Diffuse Pollution, Degraded Waters

Emerging Policy Solutions

image of Diffuse Pollution, Degraded Waters

After decades of regulation and investment to reduce point source water pollution, OECD countries still face water quality challenges (e.g. eutrophication) from diffuse agricultural and urban sources of pollution, that is disperse pollution from surface runoff, soil filtration and atmospheric deposition. The relative lack of progress reflects the complexities of controlling multiple pollutants from multiple sources, their high spatial and temporal variability, associated transactions costs, and limited political acceptability of regulatory measures. This report outlines the water quality challenges facing OECD countries today, presents a range of policy instruments and innovative case studies of diffuse pollution control, and concludes with an integrated policy framework to tackle diffuse water pollution. An optimal approach will likely entail a mix of policy interventions reflecting the basic OECD principles of water quality management – pollution prevention, treatment at source, the polluter pays and beneficiary pays principles, equity, and policy coherence.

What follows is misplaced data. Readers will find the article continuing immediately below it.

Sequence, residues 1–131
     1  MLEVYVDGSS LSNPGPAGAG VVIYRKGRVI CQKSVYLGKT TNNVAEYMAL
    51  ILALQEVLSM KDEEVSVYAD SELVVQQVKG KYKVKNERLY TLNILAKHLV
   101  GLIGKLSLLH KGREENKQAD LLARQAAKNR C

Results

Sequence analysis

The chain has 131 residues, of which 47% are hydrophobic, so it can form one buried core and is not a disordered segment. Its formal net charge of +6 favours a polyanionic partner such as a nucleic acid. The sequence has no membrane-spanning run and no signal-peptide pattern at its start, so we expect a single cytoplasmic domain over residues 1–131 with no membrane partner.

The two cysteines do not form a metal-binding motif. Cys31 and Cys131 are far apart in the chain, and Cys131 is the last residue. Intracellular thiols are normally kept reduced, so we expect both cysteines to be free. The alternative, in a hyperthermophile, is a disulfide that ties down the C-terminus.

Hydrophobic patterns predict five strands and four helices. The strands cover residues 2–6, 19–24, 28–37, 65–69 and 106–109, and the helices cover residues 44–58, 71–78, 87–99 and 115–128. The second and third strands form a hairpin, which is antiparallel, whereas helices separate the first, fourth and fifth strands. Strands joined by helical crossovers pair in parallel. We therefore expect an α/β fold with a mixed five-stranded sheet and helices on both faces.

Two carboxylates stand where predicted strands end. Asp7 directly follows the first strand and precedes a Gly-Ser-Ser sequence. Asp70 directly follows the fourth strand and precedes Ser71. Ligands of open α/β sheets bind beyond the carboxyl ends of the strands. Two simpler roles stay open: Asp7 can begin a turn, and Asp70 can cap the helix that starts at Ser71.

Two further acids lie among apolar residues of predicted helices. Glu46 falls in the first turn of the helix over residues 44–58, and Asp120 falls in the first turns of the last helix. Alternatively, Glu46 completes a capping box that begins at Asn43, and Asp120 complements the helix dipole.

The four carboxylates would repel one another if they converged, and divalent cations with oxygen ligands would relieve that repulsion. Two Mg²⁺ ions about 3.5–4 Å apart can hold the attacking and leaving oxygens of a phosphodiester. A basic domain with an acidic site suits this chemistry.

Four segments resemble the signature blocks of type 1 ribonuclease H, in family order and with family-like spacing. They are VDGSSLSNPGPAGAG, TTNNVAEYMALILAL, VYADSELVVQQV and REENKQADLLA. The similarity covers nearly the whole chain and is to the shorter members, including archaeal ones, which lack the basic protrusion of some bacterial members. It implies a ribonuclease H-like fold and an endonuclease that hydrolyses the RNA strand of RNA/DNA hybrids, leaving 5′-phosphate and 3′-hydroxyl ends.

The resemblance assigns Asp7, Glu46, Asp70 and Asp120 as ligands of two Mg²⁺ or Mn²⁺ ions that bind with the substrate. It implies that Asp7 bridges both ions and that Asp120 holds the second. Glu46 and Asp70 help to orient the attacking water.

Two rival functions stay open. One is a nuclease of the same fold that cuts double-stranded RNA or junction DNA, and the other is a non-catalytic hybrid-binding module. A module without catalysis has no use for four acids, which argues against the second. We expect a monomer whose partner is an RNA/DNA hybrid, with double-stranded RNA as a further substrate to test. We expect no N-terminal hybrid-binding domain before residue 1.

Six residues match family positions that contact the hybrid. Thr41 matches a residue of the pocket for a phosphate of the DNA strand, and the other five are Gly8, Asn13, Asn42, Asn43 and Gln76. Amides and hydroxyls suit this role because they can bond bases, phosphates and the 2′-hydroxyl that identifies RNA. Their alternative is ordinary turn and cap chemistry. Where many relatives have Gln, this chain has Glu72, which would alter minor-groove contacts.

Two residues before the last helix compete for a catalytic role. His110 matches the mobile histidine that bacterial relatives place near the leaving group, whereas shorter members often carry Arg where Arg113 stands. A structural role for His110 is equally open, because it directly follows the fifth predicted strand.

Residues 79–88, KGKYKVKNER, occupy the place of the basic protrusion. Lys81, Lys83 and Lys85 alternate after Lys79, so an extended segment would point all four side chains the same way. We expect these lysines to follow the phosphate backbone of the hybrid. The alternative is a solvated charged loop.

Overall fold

Emerging policy instruments for the control of diffuse source water pollution

This chapter examines innovative policy approaches to help meet the challenge of diffuse pollution. It presents and draws lessons from a select number of case studies submitted by OECD member countries and discussed at the OECD Workshop on Innovative Policy Responses to Water Quality Management held in March 2016. All case studies are provided in full at www.oecd.org/water.


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